The first time I thought about my own wedding was after I graduated business school. I’d just turned 30, and figured that I should start thinking about marriage. I had a boyfriend at the time, a nice guy who I liked a lot but didn’t love. Still, alone in my bedroom, I started visiting a wedding website to look at wedding gowns and bridesmaids dresses.
It seemed like harmless fantasy, so I made an account and started to save designs that I liked. Besides, I’d never really thought about my own wedding, so I rationalized that I’d need to use my research someday. Meanwhile, I spent more and more time each night looking at wedding attire and imagining how it would feel to walk down the aisle in a spectacular dress. The boyfriend didn’t last, but my penchant for wedding planning did.
In my next relationship with a man named Anthony*, we actually talked about marriage. At dinner one night, I drew him a picture of the ring I wanted. By then, I’d graduated from dresses to engagement rings, and I’d settled on a ring from Tiffany, the name and prices for which I’d memorized. I also started keeping a list of wedding songs on my phone, imagining that my boyfriend and I would enter the reception hall to one of our favorite songs, or at least one we’d danced to before.
At the time, I didn’t think I was getting ahead of myself — I finally had a reason to think about getting married! And a list of songs to be played at my erstwhile wedding would certainly be of use at any party. I dismissed the wedding planning as a fun pastime. Didn’t tons of women fantasize about getting married? In my case, the proposal never came and the relationship with Anthony ended. To ease the pain of the breakup, I returned to wedding planning, dreaming of a life in which I was happy and healthy and married to the man I loved, whoever that would be.
For months, I came home from work, sat on my couch, and compared the price per plate at various hotels and catering halls. I made a list of potential bridesmaids and spent hours every night combing the internet for dresses to suit my friends’ figures. Still, I didn’t tell even my best friend what I’d been doing with my time. I got a lot of pleasure from my wedding research, but I was ashamed that coming clean about it would make me look pathetic. A single, 35-year-old woman planning her own imaginary wedding didn’t sound like someone I wanted to be. I was also afraid that telling anyone about my pastime would take the pleasure away and I’d be left without an emotional escape. So my “hobby” stayed a secret.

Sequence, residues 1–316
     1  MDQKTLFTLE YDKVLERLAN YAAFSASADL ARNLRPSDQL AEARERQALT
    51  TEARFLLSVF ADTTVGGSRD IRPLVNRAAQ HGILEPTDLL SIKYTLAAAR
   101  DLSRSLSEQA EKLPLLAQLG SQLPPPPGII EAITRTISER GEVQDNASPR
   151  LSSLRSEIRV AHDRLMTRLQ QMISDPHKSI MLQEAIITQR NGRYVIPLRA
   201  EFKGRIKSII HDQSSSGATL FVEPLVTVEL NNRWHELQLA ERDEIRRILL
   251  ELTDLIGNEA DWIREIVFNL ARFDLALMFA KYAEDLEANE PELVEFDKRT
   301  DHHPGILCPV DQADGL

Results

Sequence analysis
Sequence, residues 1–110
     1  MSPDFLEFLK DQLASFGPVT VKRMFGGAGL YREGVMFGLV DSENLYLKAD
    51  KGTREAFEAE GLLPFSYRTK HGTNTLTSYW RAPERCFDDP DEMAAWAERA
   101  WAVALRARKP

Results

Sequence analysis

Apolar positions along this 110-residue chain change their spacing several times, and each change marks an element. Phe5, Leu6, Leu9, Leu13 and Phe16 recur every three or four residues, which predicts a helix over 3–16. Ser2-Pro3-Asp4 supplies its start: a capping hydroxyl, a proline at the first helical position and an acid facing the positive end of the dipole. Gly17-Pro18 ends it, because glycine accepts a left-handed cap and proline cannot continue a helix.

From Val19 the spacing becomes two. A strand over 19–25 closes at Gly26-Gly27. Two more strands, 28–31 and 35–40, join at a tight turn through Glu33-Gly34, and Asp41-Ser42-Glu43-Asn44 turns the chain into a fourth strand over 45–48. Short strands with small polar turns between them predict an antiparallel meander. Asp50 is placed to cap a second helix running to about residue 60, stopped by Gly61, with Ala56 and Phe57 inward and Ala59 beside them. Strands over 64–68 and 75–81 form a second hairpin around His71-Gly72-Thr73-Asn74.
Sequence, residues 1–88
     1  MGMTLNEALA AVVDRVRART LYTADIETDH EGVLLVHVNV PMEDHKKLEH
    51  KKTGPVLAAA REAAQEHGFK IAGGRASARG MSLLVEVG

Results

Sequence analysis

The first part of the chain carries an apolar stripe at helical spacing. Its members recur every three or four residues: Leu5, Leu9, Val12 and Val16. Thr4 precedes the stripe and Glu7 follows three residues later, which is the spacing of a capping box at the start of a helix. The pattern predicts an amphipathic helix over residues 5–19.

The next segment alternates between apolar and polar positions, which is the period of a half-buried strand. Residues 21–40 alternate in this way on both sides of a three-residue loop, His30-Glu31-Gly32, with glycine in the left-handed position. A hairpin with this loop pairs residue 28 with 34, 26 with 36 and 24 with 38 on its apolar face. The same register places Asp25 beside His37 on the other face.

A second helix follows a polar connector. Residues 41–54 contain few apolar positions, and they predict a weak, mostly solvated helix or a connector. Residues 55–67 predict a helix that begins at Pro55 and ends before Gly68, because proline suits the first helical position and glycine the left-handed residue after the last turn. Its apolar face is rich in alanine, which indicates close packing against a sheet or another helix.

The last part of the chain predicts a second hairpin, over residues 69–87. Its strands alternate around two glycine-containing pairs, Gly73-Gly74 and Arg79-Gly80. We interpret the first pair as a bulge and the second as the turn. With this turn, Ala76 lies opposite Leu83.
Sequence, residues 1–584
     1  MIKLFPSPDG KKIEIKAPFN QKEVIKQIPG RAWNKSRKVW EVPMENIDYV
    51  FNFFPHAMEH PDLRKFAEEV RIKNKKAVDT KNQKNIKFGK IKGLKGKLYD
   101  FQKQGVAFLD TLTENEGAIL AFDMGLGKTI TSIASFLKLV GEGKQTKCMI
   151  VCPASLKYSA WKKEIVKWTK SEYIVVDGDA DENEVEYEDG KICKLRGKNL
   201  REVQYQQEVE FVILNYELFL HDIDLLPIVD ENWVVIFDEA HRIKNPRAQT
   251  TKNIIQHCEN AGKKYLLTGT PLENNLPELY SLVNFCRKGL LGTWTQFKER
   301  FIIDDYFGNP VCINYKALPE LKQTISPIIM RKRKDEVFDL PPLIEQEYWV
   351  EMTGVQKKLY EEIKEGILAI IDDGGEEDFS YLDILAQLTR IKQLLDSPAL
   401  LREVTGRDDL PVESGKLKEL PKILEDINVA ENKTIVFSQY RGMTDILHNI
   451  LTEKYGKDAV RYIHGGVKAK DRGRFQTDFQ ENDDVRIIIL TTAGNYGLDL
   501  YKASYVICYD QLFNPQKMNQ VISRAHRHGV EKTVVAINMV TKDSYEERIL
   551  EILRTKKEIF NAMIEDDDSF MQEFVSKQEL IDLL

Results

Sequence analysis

I continued spending time on wedding, wedding dress, and hotel websites, believing that I needed to keep up with trends in the industry for when I got married. It sounded very rational inside my head, and I never questioned whether I should quit doing it. That is, until I started seeing Anthony again years later. Our second round relationship wasn’t exactly committed. We chatted every day, but only saw each other when he called me for sex. But I was happy to be with him in any way, and I assumed that we’d be back on the path towards marriage eventually.
One day, I was struck by the urge to go to the Tiffany flagship store on Fifth Avenue. My conscious mind told me that I could look for Anthony’s birthday present. My subconscious mind knew that I wanted to peruse the diamond engagement rings. It didn’t seem enough to look at rings on the internet; I needed the thrill of seeing them on my finger and daydreaming about my engagement. After looking at cufflinks and other men’s accessories, I returned to the main floor which held the wedding and engagement jewelry.